Workers with certifications in specialized areas, who are trained in a single discipline, are more highly qualified to do the work. They will get the job done faster, safer, and without mistakes.
Along with more highly trained workers, a prefabricated building has other safety features:
- Framed steelwork construction quickly becomes stable, even when partially erected
- Steel is strong enough to withstand stresses from erection processes taking place atop it
- It is easy to fit stairs, lifts, and other means of safe access for all trades within a steel frame
- Decking and slabs provide a sturdy platform to work on and protection for those below from falling objects (or the occasional human body).
Steel, as a building material, has other strengths. It is easily and safely modified or dismantled. Steel is also safe to recycle.
Steel is the safest material
So there you have it. Steel is the safest material you can use to construct any building. Steel buildings can be prefabricated offsite in a manufacturing environment. This provides additional safety to both your crew and those who manufacture and trial erect the structure. The manufacturing environment is highly regulated for safety and hazardous material handling.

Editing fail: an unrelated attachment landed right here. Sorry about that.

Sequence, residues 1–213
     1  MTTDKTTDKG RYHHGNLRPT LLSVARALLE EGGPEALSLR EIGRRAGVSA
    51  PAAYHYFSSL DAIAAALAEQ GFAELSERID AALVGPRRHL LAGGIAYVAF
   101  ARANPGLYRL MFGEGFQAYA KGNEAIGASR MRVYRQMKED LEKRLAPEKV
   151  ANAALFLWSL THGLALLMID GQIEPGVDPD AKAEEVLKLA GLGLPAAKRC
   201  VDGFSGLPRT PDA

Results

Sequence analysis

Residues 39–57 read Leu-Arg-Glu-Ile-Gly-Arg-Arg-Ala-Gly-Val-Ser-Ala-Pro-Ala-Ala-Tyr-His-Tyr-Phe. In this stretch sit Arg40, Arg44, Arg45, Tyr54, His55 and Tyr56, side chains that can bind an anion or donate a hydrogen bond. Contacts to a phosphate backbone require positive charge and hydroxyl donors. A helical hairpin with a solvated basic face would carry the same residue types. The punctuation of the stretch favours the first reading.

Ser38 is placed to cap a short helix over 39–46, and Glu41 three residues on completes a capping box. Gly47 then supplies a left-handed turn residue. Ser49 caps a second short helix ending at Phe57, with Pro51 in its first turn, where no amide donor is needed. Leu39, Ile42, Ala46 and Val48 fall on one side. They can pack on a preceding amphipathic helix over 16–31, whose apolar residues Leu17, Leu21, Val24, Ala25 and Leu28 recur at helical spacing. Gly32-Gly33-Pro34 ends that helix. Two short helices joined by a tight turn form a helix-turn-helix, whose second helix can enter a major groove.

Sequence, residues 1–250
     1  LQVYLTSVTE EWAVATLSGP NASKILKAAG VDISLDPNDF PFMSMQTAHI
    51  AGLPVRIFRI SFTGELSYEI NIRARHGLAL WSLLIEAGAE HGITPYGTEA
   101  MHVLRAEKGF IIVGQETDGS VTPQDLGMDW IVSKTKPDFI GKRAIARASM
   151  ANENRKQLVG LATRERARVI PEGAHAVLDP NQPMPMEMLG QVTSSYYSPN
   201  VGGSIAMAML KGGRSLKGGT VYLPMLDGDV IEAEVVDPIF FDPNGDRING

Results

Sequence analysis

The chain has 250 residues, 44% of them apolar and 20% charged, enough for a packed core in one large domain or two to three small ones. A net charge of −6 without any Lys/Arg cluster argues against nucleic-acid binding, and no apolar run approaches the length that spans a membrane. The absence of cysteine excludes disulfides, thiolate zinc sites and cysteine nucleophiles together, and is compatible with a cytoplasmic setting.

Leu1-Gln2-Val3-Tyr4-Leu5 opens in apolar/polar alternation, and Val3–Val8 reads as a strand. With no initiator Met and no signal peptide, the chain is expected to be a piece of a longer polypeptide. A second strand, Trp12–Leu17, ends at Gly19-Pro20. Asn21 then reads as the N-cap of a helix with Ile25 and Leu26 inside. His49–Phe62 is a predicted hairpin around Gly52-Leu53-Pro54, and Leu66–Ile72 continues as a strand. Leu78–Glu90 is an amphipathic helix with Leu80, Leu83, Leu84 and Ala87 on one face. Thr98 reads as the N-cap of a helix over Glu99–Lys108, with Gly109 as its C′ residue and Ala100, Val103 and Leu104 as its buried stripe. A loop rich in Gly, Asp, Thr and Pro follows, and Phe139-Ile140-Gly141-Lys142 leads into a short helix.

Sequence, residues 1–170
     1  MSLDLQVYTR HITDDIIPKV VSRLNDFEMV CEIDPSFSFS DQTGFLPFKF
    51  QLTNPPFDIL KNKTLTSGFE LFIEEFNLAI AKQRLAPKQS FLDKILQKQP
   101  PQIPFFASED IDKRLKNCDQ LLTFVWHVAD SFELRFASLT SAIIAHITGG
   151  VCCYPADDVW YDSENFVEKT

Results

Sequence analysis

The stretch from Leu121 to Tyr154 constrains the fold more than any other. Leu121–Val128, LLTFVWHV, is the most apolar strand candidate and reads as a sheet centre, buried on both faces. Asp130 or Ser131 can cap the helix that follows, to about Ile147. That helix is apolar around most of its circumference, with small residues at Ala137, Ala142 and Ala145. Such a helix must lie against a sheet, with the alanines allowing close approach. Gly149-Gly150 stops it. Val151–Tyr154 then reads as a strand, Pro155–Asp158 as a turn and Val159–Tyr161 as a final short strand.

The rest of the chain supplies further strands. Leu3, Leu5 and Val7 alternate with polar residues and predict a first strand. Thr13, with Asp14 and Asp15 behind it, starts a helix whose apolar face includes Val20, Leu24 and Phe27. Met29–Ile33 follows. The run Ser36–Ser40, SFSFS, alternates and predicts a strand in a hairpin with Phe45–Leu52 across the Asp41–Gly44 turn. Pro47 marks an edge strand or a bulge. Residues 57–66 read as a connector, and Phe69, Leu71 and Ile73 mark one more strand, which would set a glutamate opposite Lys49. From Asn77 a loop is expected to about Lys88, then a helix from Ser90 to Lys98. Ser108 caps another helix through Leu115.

Once transported to the site, a prefabricated steel building arrives ready to erect, minimizing the need for long term storage. Much of the construction process is complete, reducing the need for an extensive crew and work done at height.
An additional bonus is that steel has been around for a long time. Over the years, the industry has developed training programs and certifications that prove your crew has the knowledge to work with a prefabricated building, adding value to your business. A good safety record is just icing on the cake.